In 2014, a young man from Idaho named Shaun contacted me after his dad heard me on a nationwide radio interview. Shaun was interested in a career in the merchant marine and sought my advice. I was extremely busy, but I thought of Dan, all of the others who took their time to help me, and of “paying it forward.” So my wife and I invited Shaun and his dad to our home. Over a wonderful meal we talked for hours, discussing different schools he could go to, how to obtain grants, loans and scholarships, the types of vessels he could work on, and a bit about life at sea on a commercial vessel. After that conversation he decided to attend my alma mater, California Maritime Academy (CMA).

Shaun got into CMA and we have kept in touch by phone and email. Each summer since he has been at school, my wife and I have had him and his dad over for dinner. During their visit last August, Shaun spoke of his experiences and told stories of his cadet cruise on a containership on the Puget Sound-Alaska run. At the end of that day, just as they were getting ready to leave, I asked them to wait and then handed Shaun the stainless steel navigation compass and divider set I purchased during my senior year at CMA. My hope was that it would serve him as well as it had served me over the years, during my studies at school and preparing for my Coast Guard upgrade tests. Today, Shaun is finishing his junior year with a higher grade point average than I had at CMA, and I feel good being able to “pay forward” some of the kindness and help I have received in my career.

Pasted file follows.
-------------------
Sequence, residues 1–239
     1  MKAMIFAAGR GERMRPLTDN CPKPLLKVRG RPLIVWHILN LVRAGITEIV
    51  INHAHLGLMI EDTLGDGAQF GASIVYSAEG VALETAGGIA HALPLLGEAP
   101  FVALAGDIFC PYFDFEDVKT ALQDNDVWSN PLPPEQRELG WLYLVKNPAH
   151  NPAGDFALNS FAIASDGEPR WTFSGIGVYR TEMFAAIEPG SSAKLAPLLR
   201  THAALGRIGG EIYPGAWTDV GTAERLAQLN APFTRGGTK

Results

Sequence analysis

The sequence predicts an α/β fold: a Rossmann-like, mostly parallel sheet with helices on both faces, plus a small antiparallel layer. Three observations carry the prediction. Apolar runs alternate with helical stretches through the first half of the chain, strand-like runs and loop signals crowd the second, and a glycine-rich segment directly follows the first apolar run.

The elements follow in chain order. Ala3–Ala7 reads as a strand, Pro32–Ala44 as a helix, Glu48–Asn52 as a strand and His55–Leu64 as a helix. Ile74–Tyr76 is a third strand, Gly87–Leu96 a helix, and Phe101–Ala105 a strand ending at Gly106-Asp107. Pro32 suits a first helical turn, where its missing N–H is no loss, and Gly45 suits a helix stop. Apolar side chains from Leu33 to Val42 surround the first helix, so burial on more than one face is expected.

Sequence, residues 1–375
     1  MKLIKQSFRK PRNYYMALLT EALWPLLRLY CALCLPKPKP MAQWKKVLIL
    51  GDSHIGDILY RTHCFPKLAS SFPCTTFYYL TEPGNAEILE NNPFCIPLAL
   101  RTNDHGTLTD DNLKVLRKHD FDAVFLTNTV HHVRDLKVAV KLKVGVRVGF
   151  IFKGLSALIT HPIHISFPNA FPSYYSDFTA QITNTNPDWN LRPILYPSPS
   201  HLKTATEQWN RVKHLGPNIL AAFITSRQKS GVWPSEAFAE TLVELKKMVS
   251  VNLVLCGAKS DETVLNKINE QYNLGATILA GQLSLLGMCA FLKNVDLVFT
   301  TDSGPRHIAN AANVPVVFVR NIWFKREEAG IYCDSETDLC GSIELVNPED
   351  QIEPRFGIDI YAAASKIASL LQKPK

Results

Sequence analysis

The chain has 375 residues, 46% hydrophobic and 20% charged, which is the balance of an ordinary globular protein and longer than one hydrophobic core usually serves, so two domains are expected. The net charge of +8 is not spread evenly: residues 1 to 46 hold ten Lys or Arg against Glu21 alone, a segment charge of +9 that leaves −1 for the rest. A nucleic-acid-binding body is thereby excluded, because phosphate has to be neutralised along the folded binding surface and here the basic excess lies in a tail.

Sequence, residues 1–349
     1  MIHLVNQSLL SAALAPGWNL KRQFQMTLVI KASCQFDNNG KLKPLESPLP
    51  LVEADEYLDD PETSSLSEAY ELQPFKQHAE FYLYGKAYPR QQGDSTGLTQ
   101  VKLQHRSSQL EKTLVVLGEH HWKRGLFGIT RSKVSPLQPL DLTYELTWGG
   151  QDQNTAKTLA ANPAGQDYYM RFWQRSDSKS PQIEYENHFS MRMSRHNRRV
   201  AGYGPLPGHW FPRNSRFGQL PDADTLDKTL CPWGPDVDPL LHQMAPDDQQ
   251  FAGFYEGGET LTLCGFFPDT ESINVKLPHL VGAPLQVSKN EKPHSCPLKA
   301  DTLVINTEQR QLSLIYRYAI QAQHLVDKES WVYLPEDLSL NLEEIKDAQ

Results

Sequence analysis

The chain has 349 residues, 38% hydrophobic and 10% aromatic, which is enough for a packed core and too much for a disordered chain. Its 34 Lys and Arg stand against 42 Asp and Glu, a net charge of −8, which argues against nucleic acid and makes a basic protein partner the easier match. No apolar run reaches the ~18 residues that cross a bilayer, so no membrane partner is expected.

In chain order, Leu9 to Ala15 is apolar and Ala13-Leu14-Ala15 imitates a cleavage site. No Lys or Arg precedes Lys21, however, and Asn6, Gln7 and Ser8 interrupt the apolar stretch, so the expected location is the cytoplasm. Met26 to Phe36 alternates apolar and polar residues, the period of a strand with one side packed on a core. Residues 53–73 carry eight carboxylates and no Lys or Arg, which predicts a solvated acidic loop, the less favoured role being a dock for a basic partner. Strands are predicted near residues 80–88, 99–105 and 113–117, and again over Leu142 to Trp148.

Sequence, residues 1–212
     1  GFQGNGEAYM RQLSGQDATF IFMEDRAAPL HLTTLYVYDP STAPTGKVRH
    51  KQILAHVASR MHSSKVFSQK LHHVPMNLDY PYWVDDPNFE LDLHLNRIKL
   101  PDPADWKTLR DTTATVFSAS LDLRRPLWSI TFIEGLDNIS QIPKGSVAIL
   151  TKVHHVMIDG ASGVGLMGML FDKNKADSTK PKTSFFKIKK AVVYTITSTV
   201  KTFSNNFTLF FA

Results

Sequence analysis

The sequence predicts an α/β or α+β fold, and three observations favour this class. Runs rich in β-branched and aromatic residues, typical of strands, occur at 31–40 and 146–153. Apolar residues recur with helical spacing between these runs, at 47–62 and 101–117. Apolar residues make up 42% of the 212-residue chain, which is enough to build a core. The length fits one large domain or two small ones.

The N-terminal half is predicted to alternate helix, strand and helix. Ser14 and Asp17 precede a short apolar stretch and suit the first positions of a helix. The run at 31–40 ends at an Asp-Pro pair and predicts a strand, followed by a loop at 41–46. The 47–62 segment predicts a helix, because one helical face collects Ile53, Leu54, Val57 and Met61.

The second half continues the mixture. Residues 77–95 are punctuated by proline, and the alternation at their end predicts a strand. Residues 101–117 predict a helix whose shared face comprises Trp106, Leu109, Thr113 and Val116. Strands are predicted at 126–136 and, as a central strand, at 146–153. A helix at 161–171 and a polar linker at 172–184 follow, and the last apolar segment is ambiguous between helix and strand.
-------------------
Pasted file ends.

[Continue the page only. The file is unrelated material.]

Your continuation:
Most people will say that helping others makes them feel good, and studies have shown that there is direct connection between helping others and happiness — something I’ve personally experienced at sea. The happiest crew I have ever worked with was when I was the second mate on an oceangoing tug pulling a fully loaded 450-foot barge of gasoline from Lake Charles, La., to Los Angeles. Everyone from the skipper to the ordinary seaman went out of their way to help other crewmembers. There weren’t any whiners, complainers or freeloaders, and we all got along really well. At the end of the trip, I sat on the back deck having a cup of coffee, waiting for customs and immigration to show up and clear the vessel. I thought to myself, “A good pay rate, a fine new boat and a great crew of just about the happiest and most helpful bunch of sailors I could imagine working with — what more could a second mate ask for?” At that moment, not a thing.

Till next time, I wish you all smooth sailin.’

Kelly Sweeney holds the licenses of master (oceans, any gross tons) and master of towing vessels (oceans), and regularly sails on a wide variety of commercial vessels. He lives on an island near Seattle. You can contact him at captsweeney@professionalmariner.com.